Indeed bookings have already started and 21% of bookings made in the first week of March are for June, July and August this year, while 49% of bookings are for 2022 and 2023. McGonagle advised “there is absolutely an opportunity to capture that market, get people in over the Summer, but also take a slightly longer term view and look ahead to 2022 and 2023.” The New Deal Europe Marketplace on 12th April is perfectly placed to capture all of these business opportunities, Dee reminded everyone.
Daniel McCarthy, editor in chief of New York based Travel Market Report said that he is seeing a lot of the same things in the USA, with optimism coming into the market in the last few weeks driven by a positive economic situation and a successful vaccination roll out. The first vaccine roll out has gone “better than anyone expected, averaging more than two million doses a day, more than double what we were hoping for” he said. Added to this, Americans have more money in savings than ever before, with $3.9 trillion in savings compared to $1.38 trillion prior to the pandemic, according to a recent American Express report. McCarthy said that these rainy day funds will be used for travel and experiences.
The same AmEx report also indicated that 80% of leisure travellers want to travel in 2021, and his expectation is that travel will restart very quickly domestically as states relax rules. International travel will restart as people get used to providing proof of vaccination at airports, he claimned. He also made it clear that leisure travellers will drive the tourism restart and it will take a long time for business travellers to get back to previous numbers. He advised that the bucket list trips are seeing a renaissance, with cruises selling out almost immediately they are on sale, and he put the Balkans region in this bucket list category, highlighting an opportunity for the region from the US market.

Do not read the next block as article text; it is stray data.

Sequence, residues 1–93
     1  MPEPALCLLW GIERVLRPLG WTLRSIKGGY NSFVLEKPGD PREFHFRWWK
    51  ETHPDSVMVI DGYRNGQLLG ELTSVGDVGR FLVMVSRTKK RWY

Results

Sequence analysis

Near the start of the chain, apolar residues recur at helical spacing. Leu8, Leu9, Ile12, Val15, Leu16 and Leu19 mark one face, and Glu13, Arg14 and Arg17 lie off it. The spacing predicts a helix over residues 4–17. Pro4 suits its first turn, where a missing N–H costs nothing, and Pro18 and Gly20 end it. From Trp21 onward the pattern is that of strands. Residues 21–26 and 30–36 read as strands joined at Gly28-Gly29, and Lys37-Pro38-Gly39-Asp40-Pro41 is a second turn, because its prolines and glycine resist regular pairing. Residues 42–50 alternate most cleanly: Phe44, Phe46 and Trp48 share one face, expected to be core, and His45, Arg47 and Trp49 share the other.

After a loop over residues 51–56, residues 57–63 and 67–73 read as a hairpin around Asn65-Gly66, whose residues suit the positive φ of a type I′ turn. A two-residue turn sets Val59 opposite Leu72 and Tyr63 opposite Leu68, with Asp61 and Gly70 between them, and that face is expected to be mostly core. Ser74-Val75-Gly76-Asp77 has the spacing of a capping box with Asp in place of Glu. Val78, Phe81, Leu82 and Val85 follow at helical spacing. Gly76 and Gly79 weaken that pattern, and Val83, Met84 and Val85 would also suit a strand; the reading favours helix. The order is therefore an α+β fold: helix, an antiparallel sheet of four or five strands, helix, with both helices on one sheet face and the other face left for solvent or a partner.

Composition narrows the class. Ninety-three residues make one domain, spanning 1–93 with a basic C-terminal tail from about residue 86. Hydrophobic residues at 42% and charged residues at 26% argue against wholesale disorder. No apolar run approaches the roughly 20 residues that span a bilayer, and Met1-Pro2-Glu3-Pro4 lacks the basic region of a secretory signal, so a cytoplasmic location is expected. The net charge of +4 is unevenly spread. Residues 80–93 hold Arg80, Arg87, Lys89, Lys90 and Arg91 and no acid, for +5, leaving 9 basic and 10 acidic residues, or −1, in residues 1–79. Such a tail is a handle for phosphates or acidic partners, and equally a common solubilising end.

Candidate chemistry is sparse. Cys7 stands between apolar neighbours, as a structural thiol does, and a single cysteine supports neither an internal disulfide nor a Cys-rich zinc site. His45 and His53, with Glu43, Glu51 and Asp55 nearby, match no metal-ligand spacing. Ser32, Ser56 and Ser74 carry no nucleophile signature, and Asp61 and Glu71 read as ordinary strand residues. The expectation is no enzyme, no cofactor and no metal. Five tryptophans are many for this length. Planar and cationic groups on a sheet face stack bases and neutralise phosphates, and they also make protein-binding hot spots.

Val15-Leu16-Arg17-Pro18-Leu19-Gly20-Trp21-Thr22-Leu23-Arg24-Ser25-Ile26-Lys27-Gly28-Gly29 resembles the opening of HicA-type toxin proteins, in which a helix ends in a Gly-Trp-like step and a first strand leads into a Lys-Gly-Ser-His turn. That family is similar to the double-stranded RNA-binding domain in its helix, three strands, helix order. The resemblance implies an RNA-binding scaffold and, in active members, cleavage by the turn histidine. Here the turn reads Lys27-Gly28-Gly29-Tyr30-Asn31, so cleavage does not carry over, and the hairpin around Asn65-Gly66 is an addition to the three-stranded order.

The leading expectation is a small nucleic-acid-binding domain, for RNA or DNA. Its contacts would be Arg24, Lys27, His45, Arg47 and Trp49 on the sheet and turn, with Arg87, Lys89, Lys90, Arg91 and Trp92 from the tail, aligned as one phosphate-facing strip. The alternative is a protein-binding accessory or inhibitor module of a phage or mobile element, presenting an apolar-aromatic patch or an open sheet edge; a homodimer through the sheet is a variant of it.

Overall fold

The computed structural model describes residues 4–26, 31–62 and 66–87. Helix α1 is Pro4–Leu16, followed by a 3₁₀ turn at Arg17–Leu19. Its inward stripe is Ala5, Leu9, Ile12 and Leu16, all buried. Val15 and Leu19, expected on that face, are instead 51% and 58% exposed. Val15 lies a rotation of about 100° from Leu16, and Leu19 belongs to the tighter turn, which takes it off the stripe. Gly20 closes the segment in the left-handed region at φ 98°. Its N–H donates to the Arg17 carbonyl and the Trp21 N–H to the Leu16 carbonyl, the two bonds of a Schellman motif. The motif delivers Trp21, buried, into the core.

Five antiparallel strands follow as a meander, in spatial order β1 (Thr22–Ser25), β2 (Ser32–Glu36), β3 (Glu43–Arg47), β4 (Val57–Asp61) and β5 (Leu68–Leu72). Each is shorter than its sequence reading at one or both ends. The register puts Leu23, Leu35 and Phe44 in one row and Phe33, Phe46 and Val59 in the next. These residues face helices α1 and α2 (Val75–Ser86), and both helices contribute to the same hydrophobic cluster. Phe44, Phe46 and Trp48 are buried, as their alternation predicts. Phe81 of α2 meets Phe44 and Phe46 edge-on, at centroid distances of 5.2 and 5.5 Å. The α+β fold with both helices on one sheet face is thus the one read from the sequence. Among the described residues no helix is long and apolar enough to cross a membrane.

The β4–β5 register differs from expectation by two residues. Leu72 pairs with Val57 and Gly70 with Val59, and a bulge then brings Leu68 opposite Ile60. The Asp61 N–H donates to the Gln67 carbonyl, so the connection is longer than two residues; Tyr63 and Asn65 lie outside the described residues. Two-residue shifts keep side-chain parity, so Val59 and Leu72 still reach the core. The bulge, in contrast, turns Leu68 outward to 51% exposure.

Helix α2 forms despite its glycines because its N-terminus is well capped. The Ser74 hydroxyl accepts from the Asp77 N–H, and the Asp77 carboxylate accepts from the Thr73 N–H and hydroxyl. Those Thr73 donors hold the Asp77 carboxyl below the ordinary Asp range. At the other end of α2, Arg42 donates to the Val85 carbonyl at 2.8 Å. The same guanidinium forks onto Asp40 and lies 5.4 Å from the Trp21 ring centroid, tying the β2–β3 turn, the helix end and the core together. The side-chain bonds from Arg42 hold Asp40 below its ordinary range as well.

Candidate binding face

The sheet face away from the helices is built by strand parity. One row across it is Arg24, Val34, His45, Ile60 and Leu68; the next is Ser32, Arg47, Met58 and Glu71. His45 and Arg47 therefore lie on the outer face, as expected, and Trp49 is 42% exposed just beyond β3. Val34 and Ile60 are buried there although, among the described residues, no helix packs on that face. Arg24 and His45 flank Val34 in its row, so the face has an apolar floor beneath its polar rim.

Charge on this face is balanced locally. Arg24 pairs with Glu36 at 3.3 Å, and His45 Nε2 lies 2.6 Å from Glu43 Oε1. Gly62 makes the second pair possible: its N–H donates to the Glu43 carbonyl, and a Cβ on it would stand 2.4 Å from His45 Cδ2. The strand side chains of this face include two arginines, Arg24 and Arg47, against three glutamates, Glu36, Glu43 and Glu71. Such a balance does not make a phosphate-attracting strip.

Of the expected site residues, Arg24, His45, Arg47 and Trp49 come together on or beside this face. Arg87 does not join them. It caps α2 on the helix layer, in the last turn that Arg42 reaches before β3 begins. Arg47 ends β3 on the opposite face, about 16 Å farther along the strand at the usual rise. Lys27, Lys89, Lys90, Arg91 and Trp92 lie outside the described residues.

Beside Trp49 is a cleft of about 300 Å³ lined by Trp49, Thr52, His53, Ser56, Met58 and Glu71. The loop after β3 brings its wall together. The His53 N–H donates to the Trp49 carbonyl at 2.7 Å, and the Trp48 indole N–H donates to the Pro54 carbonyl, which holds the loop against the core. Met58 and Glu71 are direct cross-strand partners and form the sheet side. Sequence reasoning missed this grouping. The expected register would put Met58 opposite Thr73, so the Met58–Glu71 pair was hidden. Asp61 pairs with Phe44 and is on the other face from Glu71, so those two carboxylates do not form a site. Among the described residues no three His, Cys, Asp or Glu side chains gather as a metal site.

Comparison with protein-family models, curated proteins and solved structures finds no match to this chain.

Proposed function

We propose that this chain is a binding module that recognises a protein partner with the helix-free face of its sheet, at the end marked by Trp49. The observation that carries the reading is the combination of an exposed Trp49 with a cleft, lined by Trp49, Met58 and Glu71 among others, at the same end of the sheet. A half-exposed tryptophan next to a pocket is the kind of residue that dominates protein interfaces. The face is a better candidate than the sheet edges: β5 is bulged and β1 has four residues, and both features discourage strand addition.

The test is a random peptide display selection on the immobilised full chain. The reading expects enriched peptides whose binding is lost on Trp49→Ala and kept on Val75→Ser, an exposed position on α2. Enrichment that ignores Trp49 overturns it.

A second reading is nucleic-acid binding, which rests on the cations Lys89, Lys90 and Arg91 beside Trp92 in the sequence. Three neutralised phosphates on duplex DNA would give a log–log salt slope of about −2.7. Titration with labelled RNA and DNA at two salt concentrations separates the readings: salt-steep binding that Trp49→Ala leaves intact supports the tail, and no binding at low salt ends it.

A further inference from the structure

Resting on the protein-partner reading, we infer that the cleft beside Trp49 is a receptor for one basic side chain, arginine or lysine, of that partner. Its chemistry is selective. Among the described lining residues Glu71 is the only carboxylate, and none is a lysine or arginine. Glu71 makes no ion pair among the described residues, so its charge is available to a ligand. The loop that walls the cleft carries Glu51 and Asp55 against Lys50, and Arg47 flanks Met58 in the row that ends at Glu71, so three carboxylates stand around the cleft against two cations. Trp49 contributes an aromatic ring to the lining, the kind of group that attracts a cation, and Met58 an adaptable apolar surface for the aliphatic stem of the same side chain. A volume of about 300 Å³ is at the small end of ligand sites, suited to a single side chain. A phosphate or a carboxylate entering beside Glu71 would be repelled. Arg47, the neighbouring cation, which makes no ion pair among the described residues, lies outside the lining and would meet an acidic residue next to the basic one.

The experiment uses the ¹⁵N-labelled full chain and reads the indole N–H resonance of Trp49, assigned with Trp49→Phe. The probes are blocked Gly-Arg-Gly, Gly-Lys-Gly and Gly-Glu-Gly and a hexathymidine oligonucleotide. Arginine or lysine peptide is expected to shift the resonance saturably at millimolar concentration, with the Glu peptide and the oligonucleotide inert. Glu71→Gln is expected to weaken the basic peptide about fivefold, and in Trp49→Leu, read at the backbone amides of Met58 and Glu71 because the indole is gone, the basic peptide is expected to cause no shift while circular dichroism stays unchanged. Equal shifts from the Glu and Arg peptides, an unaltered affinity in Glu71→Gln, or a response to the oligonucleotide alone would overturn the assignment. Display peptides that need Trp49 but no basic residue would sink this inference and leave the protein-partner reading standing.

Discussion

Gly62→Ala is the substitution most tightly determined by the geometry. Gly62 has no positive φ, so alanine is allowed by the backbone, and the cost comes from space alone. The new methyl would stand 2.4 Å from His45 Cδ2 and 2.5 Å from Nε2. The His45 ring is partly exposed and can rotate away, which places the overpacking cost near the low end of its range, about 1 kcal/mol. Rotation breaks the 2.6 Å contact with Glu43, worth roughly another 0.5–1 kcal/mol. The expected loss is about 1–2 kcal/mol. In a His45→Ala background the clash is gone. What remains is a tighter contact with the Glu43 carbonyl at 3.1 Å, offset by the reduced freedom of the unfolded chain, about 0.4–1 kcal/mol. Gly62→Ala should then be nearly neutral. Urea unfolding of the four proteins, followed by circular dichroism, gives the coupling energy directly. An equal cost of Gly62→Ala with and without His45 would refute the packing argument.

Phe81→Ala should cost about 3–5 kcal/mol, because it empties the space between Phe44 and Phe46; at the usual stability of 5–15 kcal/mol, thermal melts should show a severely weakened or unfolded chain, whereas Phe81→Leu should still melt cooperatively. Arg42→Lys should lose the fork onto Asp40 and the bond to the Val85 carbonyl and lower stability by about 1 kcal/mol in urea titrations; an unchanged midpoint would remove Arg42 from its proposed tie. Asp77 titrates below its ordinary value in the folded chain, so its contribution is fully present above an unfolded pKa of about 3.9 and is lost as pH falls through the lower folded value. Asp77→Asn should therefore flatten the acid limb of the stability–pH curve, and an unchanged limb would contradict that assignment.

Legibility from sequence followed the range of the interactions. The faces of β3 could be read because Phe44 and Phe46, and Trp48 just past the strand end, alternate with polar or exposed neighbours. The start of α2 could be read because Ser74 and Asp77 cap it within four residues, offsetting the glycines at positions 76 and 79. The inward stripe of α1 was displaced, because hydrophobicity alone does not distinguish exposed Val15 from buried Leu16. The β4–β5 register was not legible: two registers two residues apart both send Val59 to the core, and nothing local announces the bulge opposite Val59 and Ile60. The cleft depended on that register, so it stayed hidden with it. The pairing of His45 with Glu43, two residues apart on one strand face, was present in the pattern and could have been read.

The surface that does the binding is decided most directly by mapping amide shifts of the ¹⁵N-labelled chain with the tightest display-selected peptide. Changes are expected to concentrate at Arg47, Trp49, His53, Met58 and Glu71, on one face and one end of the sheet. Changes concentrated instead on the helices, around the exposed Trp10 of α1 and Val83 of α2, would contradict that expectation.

The receiving destinations were represented by Spiros Gianiotis, Director and Editor of Hellenic Travelling from Greece, and Goran Rihelj, founder of HRTurizam in Croatia. Gianiotis referred to the recent ITB trade fair where the Greek Minister of Tourism announced that Greece will be opening its doors for tourism on 14th May, and said that “we’re trying to vaccinate a large portion of the population so that they can trust us, and come and have a safe vacation.” He too reported that a lot of flights are planned and the travel industry in Greece had already started preparing hotels and restaurants to welcome guests. According to Gianiotis, on some small islands, the entire population has already been vaccinated, so these will be ready to receive thousands of holidaymakers this summer. Rihelj advised that in 2020 Croatia’s tourism was 50% of the record numbers from 2019, and that they were hoping for 2021 to be 10% better than last year. He reminded the audience that tourism accounts for 20% of GDP in Croatia so “we will do everything we can vis a vis safety.” He outlined that the primary markets for Croatia are European countries who travel to Croatia by car, but that the UK, the USA and Israel are now the primary focus. Robert Dee concluded by reminding the tourism boards that over 50% of all the buyer delegates to the New Deal Europe marketplace on 12th April come from these three source markets, and that they should register for the event before the closing deadline on 31st March.